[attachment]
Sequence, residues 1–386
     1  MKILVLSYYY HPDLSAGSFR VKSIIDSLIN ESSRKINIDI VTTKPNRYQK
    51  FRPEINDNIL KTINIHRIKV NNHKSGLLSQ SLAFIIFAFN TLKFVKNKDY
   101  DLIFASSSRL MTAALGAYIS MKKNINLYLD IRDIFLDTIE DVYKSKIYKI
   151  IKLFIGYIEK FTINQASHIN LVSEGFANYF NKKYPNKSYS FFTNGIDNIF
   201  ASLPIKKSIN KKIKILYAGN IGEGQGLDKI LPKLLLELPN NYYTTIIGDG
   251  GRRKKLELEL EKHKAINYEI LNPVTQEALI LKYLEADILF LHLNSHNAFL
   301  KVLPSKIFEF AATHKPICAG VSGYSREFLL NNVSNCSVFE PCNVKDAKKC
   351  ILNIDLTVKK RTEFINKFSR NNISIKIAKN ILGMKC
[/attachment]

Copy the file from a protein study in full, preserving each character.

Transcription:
Sequence, residues 1–386
     1  MKILVLSYYY HPDLSAGSFR VKSIIDSLIN ESSRKINIDI VTTKPNRYQK
    51  FRPEINDNIL KTINIHRIKV NNHKSGLLSQ SLAFIIFAFN TLKFVKNKDY
   101  DLIFASSSRL MTAALGAYIS MKKNINLYLD IRDIFLDTIE DVYKSKIYKI
   151  IKLFIGYIEK FTINQASHIN LVSEGFANYF NKKYPNKSYS FFTNGIDNIF
   201  ASLPIKKSIN KKIKILYAGN IGEGQGLDKI LPKLLLELPN NYYTTIIGDG
   251  GRRKKLELEL EKHKAINYEI LNPVTQEALI LKYLEADILF LHLNSHNAFL
   301  KVLPSKIFEF AATHKPICAG VSGYSREFLL NNVSNCSVFE PCNVKDAKKC
   351  ILNIDLTVKK RTEFINKFSR NNISIKIAKN ILGMKC